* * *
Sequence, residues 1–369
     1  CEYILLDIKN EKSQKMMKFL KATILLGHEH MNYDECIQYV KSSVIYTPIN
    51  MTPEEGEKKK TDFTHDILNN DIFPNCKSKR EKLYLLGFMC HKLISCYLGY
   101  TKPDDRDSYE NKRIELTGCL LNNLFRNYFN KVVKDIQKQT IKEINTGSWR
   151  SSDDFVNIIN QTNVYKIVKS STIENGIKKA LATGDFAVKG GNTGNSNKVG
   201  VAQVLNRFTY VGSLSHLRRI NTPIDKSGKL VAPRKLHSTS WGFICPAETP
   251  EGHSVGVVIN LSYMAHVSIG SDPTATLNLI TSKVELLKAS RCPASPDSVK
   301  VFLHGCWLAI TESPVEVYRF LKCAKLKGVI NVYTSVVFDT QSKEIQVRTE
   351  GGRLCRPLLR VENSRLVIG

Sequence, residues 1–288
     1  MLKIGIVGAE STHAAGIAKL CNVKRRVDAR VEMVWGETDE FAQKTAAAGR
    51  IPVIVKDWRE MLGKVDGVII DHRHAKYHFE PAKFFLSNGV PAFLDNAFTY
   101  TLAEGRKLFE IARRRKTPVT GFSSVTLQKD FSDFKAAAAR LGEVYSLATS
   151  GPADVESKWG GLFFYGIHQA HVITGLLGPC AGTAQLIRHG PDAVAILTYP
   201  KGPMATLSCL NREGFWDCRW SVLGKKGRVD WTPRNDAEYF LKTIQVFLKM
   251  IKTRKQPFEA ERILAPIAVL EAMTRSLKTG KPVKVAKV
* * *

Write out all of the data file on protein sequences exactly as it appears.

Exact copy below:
Sequence, residues 1–369
     1  CEYILLDIKN EKSQKMMKFL KATILLGHEH MNYDECIQYV KSSVIYTPIN
    51  MTPEEGEKKK TDFTHDILNN DIFPNCKSKR EKLYLLGFMC HKLISCYLGY
   101  TKPDDRDSYE NKRIELTGCL LNNLFRNYFN KVVKDIQKQT IKEINTGSWR
   151  SSDDFVNIIN QTNVYKIVKS STIENGIKKA LATGDFAVKG GNTGNSNKVG
   201  VAQVLNRFTY VGSLSHLRRI NTPIDKSGKL VAPRKLHSTS WGFICPAETP
   251  EGHSVGVVIN LSYMAHVSIG SDPTATLNLI TSKVELLKAS RCPASPDSVK
   301  VFLHGCWLAI TESPVEVYRF LKCAKLKGVI NVYTSVVFDT QSKEIQVRTE
   351  GGRLCRPLLR VENSRLVIG

Sequence, residues 1–288
     1  MLKIGIVGAE STHAAGIAKL CNVKRRVDAR VEMVWGETDE FAQKTAAAGR
    51  IPVIVKDWRE MLGKVDGVII DHRHAKYHFE PAKFFLSNGV PAFLDNAFTY
   101  TLAEGRKLFE IARRRKTPVT GFSSVTLQKD FSDFKAAAAR LGEVYSLATS
   151  GPADVESKWG GLFFYGIHQA HVITGLLGPC AGTAQLIRHG PDAVAILTYP
   201  KGPMATLSCL NREGFWDCRW SVLGKKGRVD WTPRNDAEYF LKTIQVFLKM
   251  IKTRKQPFEA ERILAPIAVL EAMTRSLKTG KPVKVAKV